Sunday, April 26, 2009

Cold Fusion Redux?

As we all were preparing our podcasts and papers over the past month, I believe an interesting bit of news may have passed by the class undetected. It appears the specter of cold fusion has reared it's head again, twenty years to the day after Martin Fleischmann and Stanley Pons made their infamous annoucement that they had achieved cold fusion at room temperature.

Navy researchers have appeared to replicated Fleiscmann and Pons results from two decades ago, and announced their results to an American Chemical Society conference in Salt Lake City in March. Their research focused around an electrochemical experiment using palladium chloride and deuterium. When an energized electrode was placed in solution, neutron particles were observed for no explainable reason. The particles appear to have a signature "track" that could only be explained by some sort of nuclear process.

So why is this important? Nuclear fusion is the process by which stars like our sun provide almost limitless energy. Humans have replicated the process here on earth (think of the the Hydrogen Bomb). The problem is that to sustain a controlled nuclear reaction is very difficult with temperatures reaching millions of degrees Fahrenheit. If a room-temperature mechanism could be discovered to fuse heavy water, the world's energy problems would basically cease to exist. Basically this is the holy grail of energy technology.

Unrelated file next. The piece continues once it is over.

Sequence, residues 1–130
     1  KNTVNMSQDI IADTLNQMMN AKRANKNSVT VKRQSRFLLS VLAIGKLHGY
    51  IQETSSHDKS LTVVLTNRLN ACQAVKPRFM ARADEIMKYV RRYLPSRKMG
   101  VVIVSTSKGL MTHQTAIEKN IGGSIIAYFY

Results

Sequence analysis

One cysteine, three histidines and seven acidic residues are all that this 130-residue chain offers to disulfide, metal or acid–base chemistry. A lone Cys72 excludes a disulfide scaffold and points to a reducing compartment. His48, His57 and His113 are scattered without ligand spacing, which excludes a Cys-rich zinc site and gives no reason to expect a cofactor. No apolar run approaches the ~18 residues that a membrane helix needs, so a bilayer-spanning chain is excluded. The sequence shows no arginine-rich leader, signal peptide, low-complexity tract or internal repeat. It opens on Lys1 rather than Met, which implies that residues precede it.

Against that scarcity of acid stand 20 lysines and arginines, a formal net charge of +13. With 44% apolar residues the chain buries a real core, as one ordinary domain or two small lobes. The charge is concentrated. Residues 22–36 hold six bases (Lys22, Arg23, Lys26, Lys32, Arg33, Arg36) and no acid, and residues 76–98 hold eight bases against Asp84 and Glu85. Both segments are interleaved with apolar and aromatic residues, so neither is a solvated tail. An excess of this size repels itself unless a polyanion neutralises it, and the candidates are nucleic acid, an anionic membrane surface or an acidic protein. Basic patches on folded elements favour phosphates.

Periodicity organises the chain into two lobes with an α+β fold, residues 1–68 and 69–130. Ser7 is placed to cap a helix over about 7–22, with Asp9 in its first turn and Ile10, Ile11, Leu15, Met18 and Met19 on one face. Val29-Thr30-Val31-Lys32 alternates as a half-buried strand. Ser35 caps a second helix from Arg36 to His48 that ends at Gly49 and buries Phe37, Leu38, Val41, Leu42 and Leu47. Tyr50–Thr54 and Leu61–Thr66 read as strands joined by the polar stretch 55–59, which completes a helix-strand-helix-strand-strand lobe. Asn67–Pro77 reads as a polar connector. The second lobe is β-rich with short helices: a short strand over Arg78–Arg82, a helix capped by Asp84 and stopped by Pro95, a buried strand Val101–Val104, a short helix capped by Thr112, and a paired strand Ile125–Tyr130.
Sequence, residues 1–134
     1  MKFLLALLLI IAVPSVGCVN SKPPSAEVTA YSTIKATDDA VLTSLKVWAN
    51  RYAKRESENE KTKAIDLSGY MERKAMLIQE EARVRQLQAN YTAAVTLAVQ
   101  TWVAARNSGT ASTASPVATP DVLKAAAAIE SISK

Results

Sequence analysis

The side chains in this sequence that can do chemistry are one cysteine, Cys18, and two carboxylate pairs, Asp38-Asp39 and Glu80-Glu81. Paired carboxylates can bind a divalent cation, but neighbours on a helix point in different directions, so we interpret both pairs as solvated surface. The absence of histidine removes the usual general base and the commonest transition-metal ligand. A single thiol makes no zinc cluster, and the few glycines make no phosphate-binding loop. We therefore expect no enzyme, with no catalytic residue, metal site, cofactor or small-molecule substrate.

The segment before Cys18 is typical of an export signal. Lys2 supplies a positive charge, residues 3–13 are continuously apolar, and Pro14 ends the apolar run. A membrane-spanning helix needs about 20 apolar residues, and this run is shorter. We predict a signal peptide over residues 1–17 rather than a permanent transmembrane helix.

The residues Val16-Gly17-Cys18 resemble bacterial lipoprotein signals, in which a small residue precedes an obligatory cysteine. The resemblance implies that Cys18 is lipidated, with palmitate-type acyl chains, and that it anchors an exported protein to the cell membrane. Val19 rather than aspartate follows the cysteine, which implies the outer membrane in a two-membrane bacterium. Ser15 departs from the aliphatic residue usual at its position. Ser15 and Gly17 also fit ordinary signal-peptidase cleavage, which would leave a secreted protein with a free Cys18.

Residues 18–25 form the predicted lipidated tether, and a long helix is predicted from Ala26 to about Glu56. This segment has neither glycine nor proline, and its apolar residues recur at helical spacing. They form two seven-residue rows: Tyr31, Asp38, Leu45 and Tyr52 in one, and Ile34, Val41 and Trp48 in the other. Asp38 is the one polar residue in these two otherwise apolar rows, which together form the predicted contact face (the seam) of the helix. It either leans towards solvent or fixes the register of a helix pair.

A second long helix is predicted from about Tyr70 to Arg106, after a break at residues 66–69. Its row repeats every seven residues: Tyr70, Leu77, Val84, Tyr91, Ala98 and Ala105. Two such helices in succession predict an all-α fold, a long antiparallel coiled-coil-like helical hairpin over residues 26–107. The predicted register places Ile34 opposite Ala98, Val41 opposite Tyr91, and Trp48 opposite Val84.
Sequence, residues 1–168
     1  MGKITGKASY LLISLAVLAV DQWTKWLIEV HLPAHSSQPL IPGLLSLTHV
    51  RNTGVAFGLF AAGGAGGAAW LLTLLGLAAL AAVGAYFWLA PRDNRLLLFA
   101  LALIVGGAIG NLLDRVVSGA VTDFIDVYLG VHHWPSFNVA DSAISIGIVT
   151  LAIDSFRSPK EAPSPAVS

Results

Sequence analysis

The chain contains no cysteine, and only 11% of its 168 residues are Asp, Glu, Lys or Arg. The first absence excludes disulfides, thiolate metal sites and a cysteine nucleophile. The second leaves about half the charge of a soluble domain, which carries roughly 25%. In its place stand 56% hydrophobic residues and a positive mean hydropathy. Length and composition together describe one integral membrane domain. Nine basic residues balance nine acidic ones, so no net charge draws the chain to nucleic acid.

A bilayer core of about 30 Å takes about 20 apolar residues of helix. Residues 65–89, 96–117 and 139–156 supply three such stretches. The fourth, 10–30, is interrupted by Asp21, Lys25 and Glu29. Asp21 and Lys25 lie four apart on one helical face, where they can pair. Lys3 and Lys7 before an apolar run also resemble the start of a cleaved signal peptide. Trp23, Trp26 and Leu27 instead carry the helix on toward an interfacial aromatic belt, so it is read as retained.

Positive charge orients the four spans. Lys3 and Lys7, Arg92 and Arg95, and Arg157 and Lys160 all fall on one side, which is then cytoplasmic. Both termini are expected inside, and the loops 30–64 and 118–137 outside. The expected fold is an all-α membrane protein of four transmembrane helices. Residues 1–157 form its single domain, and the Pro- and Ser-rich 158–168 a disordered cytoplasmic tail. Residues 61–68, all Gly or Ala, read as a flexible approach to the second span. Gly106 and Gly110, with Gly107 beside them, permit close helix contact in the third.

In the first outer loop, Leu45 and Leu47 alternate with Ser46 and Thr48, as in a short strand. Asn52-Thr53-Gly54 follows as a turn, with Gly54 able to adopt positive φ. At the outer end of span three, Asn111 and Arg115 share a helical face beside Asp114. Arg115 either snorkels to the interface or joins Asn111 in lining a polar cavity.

So is this the real deal? Not exactly. Physicists are still skeptical that this is a low energy nuclear reaction phenomenon. According to Rice University physicist Paul Bradley the study "fails to provide a theoretical rationale to explain how fusion could occur at room temperatures. And in its analysis, the research paper fails to exclude other sources for the production of neutrons." Still, something strange is appears to be going on and futher research could be warranted to explain the presence of neutrons in these experiments.


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